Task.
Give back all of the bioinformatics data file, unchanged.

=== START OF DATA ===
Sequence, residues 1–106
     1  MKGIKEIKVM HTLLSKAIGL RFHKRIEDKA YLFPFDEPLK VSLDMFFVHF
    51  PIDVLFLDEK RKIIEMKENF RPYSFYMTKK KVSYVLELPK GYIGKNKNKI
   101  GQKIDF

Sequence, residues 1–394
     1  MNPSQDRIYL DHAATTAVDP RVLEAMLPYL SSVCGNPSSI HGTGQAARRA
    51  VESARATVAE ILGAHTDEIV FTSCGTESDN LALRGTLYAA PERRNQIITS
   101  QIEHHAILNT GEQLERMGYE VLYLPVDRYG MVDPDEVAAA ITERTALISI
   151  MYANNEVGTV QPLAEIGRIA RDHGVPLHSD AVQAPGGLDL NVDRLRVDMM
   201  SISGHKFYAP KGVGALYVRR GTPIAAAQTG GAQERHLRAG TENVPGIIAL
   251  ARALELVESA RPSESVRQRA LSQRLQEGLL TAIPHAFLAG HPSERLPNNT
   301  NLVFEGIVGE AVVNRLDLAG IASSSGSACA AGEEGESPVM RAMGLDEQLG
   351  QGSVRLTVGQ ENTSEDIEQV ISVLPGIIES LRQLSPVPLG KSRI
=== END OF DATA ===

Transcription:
Sequence, residues 1–106
     1  MKGIKEIKVM HTLLSKAIGL RFHKRIEDKA YLFPFDEPLK VSLDMFFVHF
    51  PIDVLFLDEK RKIIEMKENF RPYSFYMTKK KVSYVLELPK GYIGKNKNKI
   101  GQKIDF

Sequence, residues 1–394
     1  MNPSQDRIYL DHAATTAVDP RVLEAMLPYL SSVCGNPSSI HGTGQAARRA
    51  VESARATVAE ILGAHTDEIV FTSCGTESDN LALRGTLYAA PERRNQIITS
   101  QIEHHAILNT GEQLERMGYE VLYLPVDRYG MVDPDEVAAA ITERTALISI
   151  MYANNEVGTV QPLAEIGRIA RDHGVPLHSD AVQAPGGLDL NVDRLRVDMM
   201  SISGHKFYAP KGVGALYVRR GTPIAAAQTG GAQERHLRAG TENVPGIIAL
   251  ARALELVESA RPSESVRQRA LSQRLQEGLL TAIPHAFLAG HPSERLPNNT
   301  NLVFEGIVGE AVVNRLDLAG IASSSGSACA AGEEGESPVM RAMGLDEQLG
   351  QGSVRLTVGQ ENTSEDIEQV ISVLPGIIES LRQLSPVPLG KSRI